GHB and cocaine might make for a happy party at your house when a new friend has been invited to join you for the night but it can result in an ambulance being called for an unconscious stranger. As was the case with my first call. The two young gay men had brought a man they barely knew home with them and together they’d taken a cocktail of drugs, most of which was snorted and ingested by their guest. He now lay on the bed, completely unresponsive and with a less than competent airway.

The crew arrived as I remedied the airway problem and we got some Narcan into him before moving him. This had an effect and he became a little more active, although not fully conscious until he reached the ambulance, where he quickly relapsed to such an extent that he had to be ‘bagged’ in order to keep him breathing.

His hosts knew nothing about him, apart from his first name. This is the second patient I’ve had in the past few months in such circumstances. It’s a dangerous game to play and one day the guest is going to end up dead.

The 31 year-old was ‘blued’ in and the anaesthetist continued what we’d started. He wasn’t in good shape when I left.

An emotional 20 year-old woman lay crying on the floor when I arrived after receiving the call that she’d ‘fainted’. The crew was on scene with me and I left them to it. I compared her with my last patient and couldn’t decide who was more deserving of an ambulance – both were tax payers, one caused his own problem and the other couldn’t control her emotions and thought 999 was the answer. If we had one ambulance available and a 93 year-old with DIB came up and it was up to me, I know who'd get it first.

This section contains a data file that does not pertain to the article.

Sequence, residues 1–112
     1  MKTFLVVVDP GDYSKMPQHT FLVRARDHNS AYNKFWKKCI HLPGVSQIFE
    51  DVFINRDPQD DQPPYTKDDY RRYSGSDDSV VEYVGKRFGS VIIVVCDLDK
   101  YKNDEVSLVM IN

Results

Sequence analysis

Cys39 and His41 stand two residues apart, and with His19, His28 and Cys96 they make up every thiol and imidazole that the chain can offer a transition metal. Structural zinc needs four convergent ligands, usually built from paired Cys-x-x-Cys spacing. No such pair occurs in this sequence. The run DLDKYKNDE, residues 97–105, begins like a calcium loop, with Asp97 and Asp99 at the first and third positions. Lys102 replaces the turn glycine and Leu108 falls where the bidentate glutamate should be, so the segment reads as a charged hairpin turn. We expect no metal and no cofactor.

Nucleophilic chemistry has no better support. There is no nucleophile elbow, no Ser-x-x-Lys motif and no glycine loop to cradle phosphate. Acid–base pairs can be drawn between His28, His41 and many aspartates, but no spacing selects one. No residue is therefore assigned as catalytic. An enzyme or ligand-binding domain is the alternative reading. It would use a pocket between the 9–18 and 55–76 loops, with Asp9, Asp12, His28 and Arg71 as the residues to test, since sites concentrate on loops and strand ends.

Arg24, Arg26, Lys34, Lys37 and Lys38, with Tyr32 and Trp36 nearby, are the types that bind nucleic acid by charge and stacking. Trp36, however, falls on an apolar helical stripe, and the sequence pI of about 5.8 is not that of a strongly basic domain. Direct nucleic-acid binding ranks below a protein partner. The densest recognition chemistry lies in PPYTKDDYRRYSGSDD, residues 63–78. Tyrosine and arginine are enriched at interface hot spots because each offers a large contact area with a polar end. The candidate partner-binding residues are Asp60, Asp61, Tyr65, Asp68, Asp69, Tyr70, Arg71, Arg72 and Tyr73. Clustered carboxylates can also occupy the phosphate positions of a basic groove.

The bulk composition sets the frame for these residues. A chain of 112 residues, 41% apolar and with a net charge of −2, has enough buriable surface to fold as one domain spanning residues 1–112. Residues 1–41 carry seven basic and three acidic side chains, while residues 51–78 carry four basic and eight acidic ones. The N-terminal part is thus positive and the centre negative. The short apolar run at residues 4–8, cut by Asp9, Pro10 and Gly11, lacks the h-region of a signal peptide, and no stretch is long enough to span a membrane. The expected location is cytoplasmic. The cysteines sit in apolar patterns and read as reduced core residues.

Those hallway timer switches that you get in shared flat buildings are very annoying when you are trying to get obs on the stairs. I had been called out to a 41 year-old woman with chest pain, a headache and high BP. She’d walked out to meet me and I’d asked her to return and sit down. Now I was struggling to see her as the light kept going out every thirty seconds. I ran between her and the push-button on the wall like a comedy paramedic. I must eat more carrots.

Falling asleep is natural (mostly and except if you never wake up). Falling asleep when you are drunk is expected, so when I got a call for a 43 year-old man who ‘keeps falling alseep’ at a hostel for known alcoholics, I wasn’t too wildly concerned. Neither was he because he was wide awake and disputing the need for an ambulance when the crew and I arrived to assess him. Inside his dirty, smoky, dark little flat there were a number of other, similarly drunk, people – the skinny people of wasted lives. All of them ganged up on the man to tell him to go to hospital for his sleepiness – none of them seemed to realise that alcohol might be the culprit (I ruled out the possibility of him having worked hard all day).